Every Thursday, Freddie Mac releases its weekly mortgage rate survey. It's subsequently used as an authoritative primary source for most major media outlets. That's not usually a problem, but this week could be an exception.
First thing's first: over time, Freddie's weekly rate survey (officially, the "Primary Mortgage Market Survey") is incredibly accurate. For broad, analytical purposes, it does a perfect job of conveying bigger-picture mortgage rate movement. That's great for market analysts who are studying long-term trends, but the data runs the risk of being stale if you have timely needs.
Naturally, consumers who click on news stories about mortgage rates tend to have timely needs! Fortunately, Freddie's numbers won't appear stale if markets are calm.
Unfortunately, markets have been anything but calm for the past few weeks, causing Freddie's numbers to lag interest rate reality. The problem is compounded by the fact that Freddie's survey responses only come in during the first 3 days of the week (Thursday and Friday are never counted).
Last Thursday, Freddie reported rates as "unchanged," whereas actual rates rose at their fastest weekly pace since November 2015! As such, we would be justified in expecting a sharp increase in this week's Freddie survey. Instead, it rose by a modest 0.05%! That's only about a quarter of the actual move from the recent lows.
While the smaller-than-expected increase in Freddie's survey numbers is likely a byproduct of the 3-day weekend, that's of little help to consumers who are seeing one thing in the news and then being told another by their mortgage professional. Rest-assured, as of Wednesday, rates were the highest they've been in more than 4 months.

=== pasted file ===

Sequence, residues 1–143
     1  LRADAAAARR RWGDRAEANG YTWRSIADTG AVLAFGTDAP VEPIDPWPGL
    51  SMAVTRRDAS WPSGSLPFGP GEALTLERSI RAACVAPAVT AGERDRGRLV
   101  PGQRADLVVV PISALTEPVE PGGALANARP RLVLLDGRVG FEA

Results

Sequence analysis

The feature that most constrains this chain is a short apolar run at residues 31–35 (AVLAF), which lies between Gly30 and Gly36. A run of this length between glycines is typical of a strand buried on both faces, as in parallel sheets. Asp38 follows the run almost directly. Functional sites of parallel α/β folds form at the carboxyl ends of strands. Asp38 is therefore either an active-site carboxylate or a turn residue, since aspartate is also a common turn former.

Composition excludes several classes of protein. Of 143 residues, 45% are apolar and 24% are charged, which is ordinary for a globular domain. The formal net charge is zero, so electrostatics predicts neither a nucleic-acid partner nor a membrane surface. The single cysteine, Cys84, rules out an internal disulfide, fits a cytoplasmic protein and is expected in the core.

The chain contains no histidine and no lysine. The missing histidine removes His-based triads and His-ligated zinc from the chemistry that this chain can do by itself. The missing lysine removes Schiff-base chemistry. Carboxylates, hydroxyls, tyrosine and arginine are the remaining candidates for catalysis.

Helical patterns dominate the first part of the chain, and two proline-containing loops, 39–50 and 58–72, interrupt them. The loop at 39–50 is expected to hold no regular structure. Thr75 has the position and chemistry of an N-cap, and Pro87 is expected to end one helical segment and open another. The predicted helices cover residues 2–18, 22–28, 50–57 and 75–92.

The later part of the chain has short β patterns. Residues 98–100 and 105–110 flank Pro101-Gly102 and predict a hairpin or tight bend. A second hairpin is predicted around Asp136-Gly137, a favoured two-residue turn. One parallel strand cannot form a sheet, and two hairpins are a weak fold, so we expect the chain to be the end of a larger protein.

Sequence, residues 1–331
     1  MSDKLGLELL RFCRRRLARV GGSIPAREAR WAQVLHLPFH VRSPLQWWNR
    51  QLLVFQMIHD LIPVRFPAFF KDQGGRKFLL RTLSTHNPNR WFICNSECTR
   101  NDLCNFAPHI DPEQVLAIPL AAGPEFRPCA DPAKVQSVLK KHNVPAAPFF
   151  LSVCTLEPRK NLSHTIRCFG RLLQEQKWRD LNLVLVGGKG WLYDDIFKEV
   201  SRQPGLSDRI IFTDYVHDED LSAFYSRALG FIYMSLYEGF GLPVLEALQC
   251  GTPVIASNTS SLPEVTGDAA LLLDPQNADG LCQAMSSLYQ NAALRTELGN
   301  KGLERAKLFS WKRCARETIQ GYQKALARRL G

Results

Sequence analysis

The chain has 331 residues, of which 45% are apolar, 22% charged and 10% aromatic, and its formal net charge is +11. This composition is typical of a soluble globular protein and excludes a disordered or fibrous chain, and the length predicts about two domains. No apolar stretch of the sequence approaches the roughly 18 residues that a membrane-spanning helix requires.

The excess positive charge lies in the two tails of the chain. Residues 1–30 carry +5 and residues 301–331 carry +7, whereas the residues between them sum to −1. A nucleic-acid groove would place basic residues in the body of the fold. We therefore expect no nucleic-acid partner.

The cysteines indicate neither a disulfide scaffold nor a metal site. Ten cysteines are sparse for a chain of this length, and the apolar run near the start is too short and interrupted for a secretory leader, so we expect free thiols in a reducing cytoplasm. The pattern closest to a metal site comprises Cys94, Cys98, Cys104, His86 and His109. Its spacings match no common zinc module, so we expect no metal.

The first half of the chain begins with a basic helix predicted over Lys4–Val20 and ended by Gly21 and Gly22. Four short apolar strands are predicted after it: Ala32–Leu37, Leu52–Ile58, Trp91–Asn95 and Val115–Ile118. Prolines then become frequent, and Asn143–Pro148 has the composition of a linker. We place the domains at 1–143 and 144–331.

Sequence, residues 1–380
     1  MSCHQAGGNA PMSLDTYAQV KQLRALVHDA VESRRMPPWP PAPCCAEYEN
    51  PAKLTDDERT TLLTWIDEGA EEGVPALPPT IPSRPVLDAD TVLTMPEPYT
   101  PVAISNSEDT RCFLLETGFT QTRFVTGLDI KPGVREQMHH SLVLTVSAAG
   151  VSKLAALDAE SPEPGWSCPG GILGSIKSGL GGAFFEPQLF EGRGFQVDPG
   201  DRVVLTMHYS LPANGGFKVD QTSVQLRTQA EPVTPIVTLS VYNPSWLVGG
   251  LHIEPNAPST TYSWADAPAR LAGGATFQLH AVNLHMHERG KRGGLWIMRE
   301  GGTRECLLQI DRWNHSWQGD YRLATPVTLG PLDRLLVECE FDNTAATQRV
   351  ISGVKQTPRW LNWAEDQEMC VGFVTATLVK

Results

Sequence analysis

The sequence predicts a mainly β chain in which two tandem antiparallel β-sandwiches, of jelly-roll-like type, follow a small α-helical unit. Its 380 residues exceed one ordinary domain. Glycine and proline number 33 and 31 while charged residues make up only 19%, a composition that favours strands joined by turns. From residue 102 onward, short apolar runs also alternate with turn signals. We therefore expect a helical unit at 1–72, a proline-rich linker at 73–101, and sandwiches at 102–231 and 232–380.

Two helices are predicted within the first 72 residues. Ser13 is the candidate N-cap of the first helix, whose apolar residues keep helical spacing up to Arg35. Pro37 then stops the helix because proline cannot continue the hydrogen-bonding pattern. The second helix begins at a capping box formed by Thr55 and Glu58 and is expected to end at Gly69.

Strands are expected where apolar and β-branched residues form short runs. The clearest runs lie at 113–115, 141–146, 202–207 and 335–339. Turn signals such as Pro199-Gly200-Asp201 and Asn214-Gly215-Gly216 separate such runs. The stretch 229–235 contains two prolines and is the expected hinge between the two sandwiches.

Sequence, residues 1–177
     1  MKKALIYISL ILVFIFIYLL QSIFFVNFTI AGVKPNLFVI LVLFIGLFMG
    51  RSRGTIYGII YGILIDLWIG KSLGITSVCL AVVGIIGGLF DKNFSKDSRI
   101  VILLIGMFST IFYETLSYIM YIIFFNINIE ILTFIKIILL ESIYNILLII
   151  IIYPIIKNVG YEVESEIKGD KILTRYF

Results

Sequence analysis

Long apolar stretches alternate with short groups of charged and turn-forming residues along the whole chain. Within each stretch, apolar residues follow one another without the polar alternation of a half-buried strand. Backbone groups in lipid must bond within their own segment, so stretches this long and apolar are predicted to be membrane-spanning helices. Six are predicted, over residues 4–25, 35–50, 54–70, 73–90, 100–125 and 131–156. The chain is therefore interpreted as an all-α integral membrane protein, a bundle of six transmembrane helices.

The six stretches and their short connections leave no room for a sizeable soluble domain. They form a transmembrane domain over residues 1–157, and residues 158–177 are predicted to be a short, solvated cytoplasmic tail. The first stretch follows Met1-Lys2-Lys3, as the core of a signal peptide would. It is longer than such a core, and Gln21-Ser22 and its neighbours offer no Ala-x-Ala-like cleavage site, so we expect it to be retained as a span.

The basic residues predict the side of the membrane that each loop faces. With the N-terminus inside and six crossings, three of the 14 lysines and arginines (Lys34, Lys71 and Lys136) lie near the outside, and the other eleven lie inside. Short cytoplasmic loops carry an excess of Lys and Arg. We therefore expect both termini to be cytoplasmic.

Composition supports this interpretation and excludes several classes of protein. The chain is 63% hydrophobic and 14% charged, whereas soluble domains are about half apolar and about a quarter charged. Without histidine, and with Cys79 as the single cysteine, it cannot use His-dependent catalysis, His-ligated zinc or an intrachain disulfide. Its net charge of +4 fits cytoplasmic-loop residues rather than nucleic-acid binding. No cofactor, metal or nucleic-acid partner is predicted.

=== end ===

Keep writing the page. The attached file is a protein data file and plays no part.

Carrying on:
The motivations for the most recent rate spike are diverse and potentially even debatable. There are 2 distinct camps though. One camp sees rates moving higher as a result of Fed rate hike expectations. The other focuses more on global central bank stimulus expectations (last week's newsletter discussed this in detail). The truth is probably somewhere in between these two camps, and the following chart supports that conclusion.
In the chart, the higher the green line, the more markets are expecting a Fed rate hike. Notice the strong correlation between US rates, EU rates, and rate hike expectations earlier in the year. Fed rate hike rhetoric strengthened in May, causing expectations to spike, but longer term rates (like 10yr Treasuries and mortgage rates) didn't follow because global markets were already buzzing about Brexit (the UK's vote to leave the European Union).
Post-Brexit, US rates have been less willing to chase the bounce in Fed rate hike expectations, despite clearly feeling some pressure (as seen in July/Aug, when the blue line inched higher relative to the orange line). Once European rate volatility increased, US rates have had freer rein to follow domestic motivations. This trend toward higher rates can continue if European rates keep moving gradually higher, but that's a big "if."
Bottom line: the Fed isn't the only source of inspiration for rate movement right now. The next few months bring significant risks to the outlook. These include 2 opportunities for the Fed to hike rates and a high likelihood of the European Central Bank specifically addressing its asset purchase plans (the original source of the current rate spike).